tion may be burdensome and hurtful without being felt to be so; or, if felt to be so, the feeling may not be sufficiently acute to prompt to the action necessary to obtain a change; or, again, the feeling, though more or less acute, may not be accompanied by a sense of power to make the change. Look at individuals. Does every individual who theoretically possesses the power to alter his mode of life to his own advantage put that power into exercise? Does every individual who is shown a more excellent way at once shake off ancient habit and enter on the better path? We all know the enormous influence which procrastination, inertness, love of ease, and prejudice in favor of what is established exert on individual lives; and even so is it with society. There is salvation for the individual at given moments, at special conjunctions, at certain partings of the ways; but, the favorable opportunity missed, the situation becomes more difficult and hopeless with every hour. In social matters the civilized world has been going wrong for years past, and is now threatened with a vast increase of the tyrannical legislation which it has been inviting. It may not be too late yet, however, to make a stand, and perhaps to reverse the current of change. The object of A Plea for Liberty is to force reflection on the subject, and, if possible, to dispel the illusion under which so many have fallen that legislation alone, the action of the state, can make a way for us out of our social difficulties.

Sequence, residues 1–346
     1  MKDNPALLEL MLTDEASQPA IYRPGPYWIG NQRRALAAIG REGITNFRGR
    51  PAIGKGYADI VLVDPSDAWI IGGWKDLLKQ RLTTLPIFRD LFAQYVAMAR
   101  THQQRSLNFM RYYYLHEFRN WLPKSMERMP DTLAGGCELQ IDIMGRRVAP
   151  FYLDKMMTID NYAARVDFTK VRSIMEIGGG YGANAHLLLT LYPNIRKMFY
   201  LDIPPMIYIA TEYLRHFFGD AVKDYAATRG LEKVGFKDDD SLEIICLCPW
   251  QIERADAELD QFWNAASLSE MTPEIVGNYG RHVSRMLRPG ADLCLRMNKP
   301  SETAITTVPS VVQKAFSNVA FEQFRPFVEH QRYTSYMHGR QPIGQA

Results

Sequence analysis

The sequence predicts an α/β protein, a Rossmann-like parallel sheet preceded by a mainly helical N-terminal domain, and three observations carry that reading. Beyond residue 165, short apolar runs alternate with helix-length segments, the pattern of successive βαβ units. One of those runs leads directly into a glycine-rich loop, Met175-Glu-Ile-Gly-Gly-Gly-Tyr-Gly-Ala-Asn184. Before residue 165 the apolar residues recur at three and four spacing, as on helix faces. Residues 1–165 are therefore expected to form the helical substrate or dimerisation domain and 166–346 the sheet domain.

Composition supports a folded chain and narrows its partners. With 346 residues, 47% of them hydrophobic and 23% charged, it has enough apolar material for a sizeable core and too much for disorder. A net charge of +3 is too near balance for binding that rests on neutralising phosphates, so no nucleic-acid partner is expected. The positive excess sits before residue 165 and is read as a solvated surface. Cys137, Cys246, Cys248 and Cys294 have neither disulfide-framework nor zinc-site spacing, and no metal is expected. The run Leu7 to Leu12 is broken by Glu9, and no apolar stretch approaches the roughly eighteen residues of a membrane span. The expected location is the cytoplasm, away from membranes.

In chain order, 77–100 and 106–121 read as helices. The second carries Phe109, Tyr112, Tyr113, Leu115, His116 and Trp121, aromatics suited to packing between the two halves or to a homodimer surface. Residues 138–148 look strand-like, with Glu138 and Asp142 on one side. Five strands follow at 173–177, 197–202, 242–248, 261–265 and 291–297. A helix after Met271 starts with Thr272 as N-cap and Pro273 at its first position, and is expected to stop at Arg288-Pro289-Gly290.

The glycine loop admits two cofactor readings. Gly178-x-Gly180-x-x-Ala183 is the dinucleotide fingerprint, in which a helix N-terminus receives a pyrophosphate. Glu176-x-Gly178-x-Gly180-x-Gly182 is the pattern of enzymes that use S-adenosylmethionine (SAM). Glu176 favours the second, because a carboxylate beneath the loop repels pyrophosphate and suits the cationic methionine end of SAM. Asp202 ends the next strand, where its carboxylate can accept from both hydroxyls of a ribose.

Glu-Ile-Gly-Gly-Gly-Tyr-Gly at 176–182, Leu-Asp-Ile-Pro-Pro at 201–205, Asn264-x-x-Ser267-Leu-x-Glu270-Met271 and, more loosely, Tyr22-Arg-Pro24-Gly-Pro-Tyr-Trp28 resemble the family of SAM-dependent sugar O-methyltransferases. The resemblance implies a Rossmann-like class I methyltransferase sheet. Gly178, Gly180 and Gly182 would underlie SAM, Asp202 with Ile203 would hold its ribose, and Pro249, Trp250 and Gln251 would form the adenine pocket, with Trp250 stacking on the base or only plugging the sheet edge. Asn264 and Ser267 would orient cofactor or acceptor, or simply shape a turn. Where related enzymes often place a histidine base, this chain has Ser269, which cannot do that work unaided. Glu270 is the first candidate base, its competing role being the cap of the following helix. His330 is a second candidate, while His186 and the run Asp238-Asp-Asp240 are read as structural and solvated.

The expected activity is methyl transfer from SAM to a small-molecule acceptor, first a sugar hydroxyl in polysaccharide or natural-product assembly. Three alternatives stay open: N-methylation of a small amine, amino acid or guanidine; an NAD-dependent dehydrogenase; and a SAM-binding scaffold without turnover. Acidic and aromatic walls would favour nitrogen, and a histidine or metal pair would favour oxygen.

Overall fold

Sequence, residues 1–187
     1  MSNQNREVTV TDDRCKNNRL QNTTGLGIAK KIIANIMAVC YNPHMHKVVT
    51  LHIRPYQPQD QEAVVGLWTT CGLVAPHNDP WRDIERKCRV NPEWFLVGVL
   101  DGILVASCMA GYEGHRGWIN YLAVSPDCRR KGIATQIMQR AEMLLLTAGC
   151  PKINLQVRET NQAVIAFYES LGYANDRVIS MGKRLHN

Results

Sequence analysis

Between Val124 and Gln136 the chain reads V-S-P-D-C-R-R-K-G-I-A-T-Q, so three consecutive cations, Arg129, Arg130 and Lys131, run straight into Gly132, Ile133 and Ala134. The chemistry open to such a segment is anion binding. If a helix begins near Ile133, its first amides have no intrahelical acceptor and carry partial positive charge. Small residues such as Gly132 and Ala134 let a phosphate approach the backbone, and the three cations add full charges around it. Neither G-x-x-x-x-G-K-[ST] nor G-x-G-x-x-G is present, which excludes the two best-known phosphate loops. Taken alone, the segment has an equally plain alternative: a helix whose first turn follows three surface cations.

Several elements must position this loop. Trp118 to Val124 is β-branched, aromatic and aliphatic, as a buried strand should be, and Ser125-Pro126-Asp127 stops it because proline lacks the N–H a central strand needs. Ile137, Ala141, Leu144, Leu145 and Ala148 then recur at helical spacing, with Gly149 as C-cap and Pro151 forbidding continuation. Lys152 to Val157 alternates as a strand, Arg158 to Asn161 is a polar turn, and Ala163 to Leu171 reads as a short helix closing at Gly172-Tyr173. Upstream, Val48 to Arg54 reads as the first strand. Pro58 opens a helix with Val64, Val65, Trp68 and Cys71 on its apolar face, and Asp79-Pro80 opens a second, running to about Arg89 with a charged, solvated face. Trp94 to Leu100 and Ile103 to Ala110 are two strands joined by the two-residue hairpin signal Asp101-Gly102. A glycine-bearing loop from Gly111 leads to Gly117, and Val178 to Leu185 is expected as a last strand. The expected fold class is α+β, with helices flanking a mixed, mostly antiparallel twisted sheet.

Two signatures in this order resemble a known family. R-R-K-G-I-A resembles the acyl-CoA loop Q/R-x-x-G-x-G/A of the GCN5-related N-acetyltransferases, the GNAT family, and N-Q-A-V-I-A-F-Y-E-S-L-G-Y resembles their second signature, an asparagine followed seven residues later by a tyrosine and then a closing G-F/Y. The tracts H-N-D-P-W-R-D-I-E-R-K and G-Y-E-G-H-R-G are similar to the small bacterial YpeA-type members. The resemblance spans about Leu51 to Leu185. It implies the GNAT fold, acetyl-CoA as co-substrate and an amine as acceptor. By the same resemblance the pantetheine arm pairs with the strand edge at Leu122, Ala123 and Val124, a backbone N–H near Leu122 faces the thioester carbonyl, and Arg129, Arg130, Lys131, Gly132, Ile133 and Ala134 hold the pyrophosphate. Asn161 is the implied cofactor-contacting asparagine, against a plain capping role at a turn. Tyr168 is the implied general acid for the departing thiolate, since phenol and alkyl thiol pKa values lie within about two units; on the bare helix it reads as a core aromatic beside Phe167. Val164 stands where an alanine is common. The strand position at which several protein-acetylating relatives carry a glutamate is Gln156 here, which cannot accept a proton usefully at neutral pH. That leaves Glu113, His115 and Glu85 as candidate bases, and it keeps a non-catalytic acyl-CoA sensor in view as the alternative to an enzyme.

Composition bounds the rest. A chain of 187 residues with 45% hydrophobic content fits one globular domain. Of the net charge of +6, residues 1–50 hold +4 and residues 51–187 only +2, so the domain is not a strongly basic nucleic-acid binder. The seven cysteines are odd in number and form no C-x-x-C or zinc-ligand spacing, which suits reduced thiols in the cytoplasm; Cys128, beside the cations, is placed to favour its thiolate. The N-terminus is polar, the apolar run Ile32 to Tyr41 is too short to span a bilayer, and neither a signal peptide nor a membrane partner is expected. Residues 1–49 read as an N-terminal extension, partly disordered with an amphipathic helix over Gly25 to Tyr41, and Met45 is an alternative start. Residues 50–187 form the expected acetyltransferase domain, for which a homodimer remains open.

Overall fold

Mr. Spencer lays stress on the fact that, in many departments of life, without the intervention of government, progress is being made every day toward a better state of things. There is a power of self-adjustment in individuals which, if not artificially checked, makes infallibly toward better conditions. Elsewhere in the volume we are shown the drawbacks that more or less attend all corporate action, but which in a very marked manner attend the action of the most comprehensive and potent corporation of all—the state; and thus are furnished with an answer to the second question, which a few moments ago we were supposing to be asked: What does it matter who discharges any particular function, so long as it is discharged? If it can be shown that, within the whole radius of state-directed activity, there is a diminution of the motives that give to labor and effort their highest efficiency, then it matters a great deal whether individuals are acting freely as individuals in full contact with a natural environment or whether they are replaced by a host of state-paid employés, dragging on in a lazy and intermittent fashion a lumbering governmental machine. Nothing is more capable of demonstration than that government work is, in general, done in a more or less inefficient and perfunctory manner, and always in a wasteful manner. The natural conclusion to draw from this fact would be that the functions of government should be curtailed as much as possible, so that we might have as little as possible of such inferior and expensive work. Unfortunately, this conclusion is drawn by but few. The results of government work are visible and tangible. They are manifest in buildings, harbors, vessels, blue-books, and people are imposed upon by the scale of the operations of the state. They do not ask how much greater or better results the money expended might have yielded; still less do they ask how much of private enterprise has been paralyzed by an unnecessary extension of the functions of the state. But these questions should be asked, and it is the merest unthrift not to ask them. Of all the printing done by the Government in this country, for example, how much serves a really useful purpose? How much finds its way to the junk shop, and thence to the paper-mill? If accurate answers could be had to these questions, we think that even an indifferent public might be aroused.
One of the best essays in the volume